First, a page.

T Nation

Why Use Half Reps?

Do you still do barbell squats, or are you referring to Hack squats/smith bar squats?

[quote]BlueCollarTr8n wrote:

[quote]worzel wrote:
I think this is a very important topic considering full ROM is advocated all the time.

Although full ROM (within your own ranges or course) is the way to go while building a solid foundation, partials can be the answer for lagging body parts once that foundation is built.

How many of you guys use partials?[/quote]

Not as a replacement for full ROM, but in addition to?
[/quote]

Oh’ dont get me wrong, I totally understand this!

Using full ROM flat bench as an example…

If you are shoulder & Triceps dominant then the chest will not receive the stimulation you want it to receive so partials can be the answer (again, once that foundation has been built with full ROM).

[quote]Professor X wrote:

[quote]worzel wrote:
I think this is a very important topic considering full ROM is advocated all the time.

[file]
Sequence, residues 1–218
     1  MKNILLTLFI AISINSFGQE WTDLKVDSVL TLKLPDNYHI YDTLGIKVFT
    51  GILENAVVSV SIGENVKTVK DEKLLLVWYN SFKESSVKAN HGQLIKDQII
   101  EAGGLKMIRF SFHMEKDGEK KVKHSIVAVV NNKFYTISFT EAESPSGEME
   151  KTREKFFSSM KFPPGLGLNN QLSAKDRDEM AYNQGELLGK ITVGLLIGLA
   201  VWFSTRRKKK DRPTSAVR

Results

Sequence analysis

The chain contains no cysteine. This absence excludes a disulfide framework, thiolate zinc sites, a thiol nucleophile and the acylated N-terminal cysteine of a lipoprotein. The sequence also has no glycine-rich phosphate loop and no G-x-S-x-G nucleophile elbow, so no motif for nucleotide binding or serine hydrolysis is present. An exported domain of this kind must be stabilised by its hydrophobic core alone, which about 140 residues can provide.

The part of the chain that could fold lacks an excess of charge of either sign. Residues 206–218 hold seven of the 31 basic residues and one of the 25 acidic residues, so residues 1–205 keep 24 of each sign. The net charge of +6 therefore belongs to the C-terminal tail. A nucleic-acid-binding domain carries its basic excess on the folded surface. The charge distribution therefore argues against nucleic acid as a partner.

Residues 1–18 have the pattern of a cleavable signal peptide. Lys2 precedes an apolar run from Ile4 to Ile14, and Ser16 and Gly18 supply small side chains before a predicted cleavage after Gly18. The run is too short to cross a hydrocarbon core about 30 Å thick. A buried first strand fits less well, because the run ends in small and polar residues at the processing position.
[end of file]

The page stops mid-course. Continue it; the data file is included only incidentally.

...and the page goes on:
Although full ROM (within your own ranges or course) is the way to go while building a solid foundation, partials can be the answer for lagging body parts once that foundation is built.

How many of you guys use partials?[/quote]

The real difference lies between those who are relative newbies and those who actually look built. Yes, most newbs everywhere need to focus on “textbook form”. Most people won’t EVER progress much beyond this point. Regardless of the loudmouths on this forum, it is pretty clear that less than 20 people here actually stand out when they walk into a crowded gym based on their progress.

That means yes, the 160lbs newb with the 15" arms NEEDS to use “good form” to avoid injury.

If your goal is arms bigger than 18" then obviously you need to realize that modifications need to be made later on to individualize what you are doing.

No skinny newb needs to be training like a 250lbs bodybuilder unless they are using the exact same weight.

The average person in the gym and on this site won’t ever see 18" arms to begin with so why the hell are they so worried about how people much further along are training?[/quote]

In a previous post to BlueCollar I used the flat bench as an example where the shoulder & Triceps can dominate the movement so partials in this instance would be recommended to stimulate/activate the pec.